As we predicted here several weeks ago, Freesat is launched today. Brand new set-top boxes are available as of this morning, and this summer TVs with integrated Freesat tuners will be launched.
Viewers will have to pay for installation of a satellite dish and set-top box, but after that there's no monthly subscription to pay.
At launch there will be 80 channels, including the BBC HD channel. Later this month ITV HD will become available on the service too, but not Channel 4 – yet.
Freesat claims 98 per cent coverage of the UK, more than that of the current Freeview digital TV service.
Richard Lindsay-Davies, commercial director of Freesat, told whathifi.com: "Freesat will be much bigger than Freeview. We don't have the spectrum capacity constraints that Freeview has: it's not an unlimited capacity, but there's a wealth of capacity on offer. That means we've got the opportunity to grow from two high-definition channels at launch to many more over time."
Freesat plans to have more than 150 channels within its first year of operation. They'll be broken down into Entertainment, Sports, News etc.
"Channel 4 isn't involved as yet, but we've been in discussion with Channel 4 for some time, and we're in discussion now," says Lindsay-Davies.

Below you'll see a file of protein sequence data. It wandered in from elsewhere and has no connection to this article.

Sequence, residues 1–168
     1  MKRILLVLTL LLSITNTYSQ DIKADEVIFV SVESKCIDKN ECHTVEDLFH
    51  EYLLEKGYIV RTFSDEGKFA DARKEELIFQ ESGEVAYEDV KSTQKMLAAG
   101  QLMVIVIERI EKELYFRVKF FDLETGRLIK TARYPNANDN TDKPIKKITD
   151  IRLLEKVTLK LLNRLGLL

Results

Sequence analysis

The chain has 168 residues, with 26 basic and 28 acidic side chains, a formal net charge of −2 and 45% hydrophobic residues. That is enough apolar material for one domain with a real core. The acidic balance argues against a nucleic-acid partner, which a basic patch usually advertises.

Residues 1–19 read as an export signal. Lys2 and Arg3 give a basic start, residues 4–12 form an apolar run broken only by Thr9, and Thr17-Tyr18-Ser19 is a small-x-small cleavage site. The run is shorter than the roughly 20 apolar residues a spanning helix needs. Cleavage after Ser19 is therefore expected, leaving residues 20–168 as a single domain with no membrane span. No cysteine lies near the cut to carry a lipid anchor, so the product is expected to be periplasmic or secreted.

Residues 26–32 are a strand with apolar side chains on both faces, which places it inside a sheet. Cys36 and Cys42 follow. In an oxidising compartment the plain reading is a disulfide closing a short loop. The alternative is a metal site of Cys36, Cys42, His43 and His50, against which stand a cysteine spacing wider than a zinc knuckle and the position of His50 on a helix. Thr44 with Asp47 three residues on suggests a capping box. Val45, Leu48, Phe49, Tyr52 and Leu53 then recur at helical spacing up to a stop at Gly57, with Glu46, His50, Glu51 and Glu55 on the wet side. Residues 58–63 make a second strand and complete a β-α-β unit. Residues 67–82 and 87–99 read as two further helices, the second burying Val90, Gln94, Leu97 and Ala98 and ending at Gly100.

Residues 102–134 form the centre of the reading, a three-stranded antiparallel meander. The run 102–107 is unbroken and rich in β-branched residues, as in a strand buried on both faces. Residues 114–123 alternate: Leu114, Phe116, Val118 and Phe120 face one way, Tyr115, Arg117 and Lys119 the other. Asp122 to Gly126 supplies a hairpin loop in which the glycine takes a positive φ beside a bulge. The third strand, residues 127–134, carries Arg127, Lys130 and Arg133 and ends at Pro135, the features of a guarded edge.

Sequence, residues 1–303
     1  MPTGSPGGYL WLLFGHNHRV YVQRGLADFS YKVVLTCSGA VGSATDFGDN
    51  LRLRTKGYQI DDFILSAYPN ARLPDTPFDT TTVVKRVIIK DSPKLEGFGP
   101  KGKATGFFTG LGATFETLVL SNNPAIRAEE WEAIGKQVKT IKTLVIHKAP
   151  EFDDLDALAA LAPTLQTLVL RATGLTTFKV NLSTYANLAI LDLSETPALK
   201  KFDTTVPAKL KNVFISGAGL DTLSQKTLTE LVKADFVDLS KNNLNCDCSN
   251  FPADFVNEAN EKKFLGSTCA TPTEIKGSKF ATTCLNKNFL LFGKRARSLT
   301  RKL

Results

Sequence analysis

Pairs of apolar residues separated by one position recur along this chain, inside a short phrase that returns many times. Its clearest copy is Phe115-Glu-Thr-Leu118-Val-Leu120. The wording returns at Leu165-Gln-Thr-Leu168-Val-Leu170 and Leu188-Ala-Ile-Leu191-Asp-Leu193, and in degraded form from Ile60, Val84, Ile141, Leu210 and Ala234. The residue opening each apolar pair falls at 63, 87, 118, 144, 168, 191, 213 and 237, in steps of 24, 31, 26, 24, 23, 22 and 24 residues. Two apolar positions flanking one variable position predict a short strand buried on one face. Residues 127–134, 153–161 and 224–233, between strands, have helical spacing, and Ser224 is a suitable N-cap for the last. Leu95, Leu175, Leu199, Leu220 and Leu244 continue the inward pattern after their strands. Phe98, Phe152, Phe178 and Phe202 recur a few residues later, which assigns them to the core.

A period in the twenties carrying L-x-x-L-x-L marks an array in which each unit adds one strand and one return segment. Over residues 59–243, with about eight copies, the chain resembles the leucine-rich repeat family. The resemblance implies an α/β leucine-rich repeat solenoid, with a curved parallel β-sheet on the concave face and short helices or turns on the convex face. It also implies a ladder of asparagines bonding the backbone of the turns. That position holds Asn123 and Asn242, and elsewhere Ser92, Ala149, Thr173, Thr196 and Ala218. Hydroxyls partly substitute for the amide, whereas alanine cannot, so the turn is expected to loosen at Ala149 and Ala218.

A standard-definition receiver will cost around £50, while an HD one will be around £150. Standard installations will cost approximately £60, and recorder or multiroom installations will obviously cost more.
Some TV manufacturers such as Panasonic have already announced they will produce flatscreen TVs with built-in Freesat tuners (see below) for a slight premium over Freeview models.
Soon there will be Freesat set-top boxes from Goodmans, Grundig, Bush (below) and Humax. Freesat PVRs are planned for the summer. "DVD recorder/Freesat products are a possibility, and we're in discussion with some people about Blu-ray," says Lindsay-Davies.
Freesat HD broadcasts will be in either 720p or 1080i, with Dolby Digital 5.1 soundtracks. Initially Freesat will provide simulcasts of standard-definition and high-definition programmes.